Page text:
Research has shown some negative implications of ISO certificationone of which is the perception that employees must work harder throughout the process. They will have to perform “two jobs” and then “write” about it. At first, if managers haven’t presented the case effectively for ISO certification, employees may have negative responses to the whole process. Whereas employees might have to make some changes to how they do their jobs and develop the right documentation, their efforts will pay off when the certification process is complete. They will work in more streamlined units while enjoying a better understanding of how their work contributes to quality standards and company goals.

Pleasing Customers

Many organisations pursue ISO certification because they want to respond to customer demands for higher quality. They have a dilemma of which certification body to choose for their company. Some of their considerations may include steps that are involved and how they will impact employees. Other considerations will revolve around what certification from a particular body means for the company. Before choosing an ISO certification body, we recommend that organisations consider the current level of quality that’s in place and how employees could use the certification process to raise that higher.  This in effect provides long term benefits to customers.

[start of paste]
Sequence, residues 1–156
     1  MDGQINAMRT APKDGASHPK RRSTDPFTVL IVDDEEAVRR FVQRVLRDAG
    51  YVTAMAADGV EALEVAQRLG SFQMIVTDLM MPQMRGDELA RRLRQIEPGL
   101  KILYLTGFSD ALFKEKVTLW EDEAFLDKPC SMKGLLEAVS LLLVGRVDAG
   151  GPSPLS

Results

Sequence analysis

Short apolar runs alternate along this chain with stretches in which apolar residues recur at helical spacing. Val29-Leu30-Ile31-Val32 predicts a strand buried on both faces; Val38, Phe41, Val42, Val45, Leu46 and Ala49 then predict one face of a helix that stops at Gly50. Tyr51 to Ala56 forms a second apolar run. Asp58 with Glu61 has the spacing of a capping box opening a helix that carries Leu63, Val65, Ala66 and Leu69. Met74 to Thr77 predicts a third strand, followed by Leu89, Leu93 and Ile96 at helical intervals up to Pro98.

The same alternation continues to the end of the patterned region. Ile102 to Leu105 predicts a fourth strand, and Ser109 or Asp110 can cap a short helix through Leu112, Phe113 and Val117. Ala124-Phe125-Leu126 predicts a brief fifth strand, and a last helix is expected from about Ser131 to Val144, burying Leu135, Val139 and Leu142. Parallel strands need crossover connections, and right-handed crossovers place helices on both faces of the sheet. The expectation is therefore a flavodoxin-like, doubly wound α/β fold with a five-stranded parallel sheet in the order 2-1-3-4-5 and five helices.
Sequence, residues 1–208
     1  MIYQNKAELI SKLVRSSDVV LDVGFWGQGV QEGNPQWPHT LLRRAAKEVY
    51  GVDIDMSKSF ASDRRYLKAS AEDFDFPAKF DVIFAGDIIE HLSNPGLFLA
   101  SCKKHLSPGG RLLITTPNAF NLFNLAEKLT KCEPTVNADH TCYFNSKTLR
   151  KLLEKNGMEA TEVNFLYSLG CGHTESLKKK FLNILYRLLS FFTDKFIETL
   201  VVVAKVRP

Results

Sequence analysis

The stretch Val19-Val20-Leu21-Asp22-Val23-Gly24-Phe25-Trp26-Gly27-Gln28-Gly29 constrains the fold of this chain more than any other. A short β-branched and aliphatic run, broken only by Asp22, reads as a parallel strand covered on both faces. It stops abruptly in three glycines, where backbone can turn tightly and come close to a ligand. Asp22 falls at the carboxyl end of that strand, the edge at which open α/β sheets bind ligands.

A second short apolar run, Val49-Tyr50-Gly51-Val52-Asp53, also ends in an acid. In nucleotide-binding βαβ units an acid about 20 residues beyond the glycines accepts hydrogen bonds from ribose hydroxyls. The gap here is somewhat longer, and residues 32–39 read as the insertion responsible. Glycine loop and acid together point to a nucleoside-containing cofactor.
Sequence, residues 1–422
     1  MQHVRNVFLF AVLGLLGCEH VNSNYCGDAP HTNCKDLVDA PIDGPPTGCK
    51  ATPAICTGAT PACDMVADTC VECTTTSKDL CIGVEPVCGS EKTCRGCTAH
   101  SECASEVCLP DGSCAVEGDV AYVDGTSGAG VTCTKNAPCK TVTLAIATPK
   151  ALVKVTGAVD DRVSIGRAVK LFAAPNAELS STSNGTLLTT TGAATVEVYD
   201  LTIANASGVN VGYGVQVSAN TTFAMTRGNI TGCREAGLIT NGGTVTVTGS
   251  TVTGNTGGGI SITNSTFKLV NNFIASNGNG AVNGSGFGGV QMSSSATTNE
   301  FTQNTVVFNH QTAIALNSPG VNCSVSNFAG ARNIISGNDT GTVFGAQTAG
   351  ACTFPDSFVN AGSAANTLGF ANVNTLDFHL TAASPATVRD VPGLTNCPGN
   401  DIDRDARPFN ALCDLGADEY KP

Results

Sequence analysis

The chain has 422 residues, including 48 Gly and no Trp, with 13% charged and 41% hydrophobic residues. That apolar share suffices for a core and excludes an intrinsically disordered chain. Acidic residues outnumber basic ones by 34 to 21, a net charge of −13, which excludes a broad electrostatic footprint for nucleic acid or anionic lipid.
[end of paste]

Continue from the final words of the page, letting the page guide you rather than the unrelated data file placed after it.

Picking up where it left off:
The Future

A company can aspire to higher quality standards and produce documentation to show how those are met, but its employees must reinforce those standards over time through their individual and collective behaviors. Otherwise, there will be a temporary improvement in the organisation based on initial efforts, but operating conditions and quality levels will diminish over time. Once employee efforts diminish, the organisation’s reputation will decline, which is bad for worker morale and customer perceptions.

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The Top 10 Ways Your Organisation Can Profit Through ISO Certification
Or the benefits on implementing ISO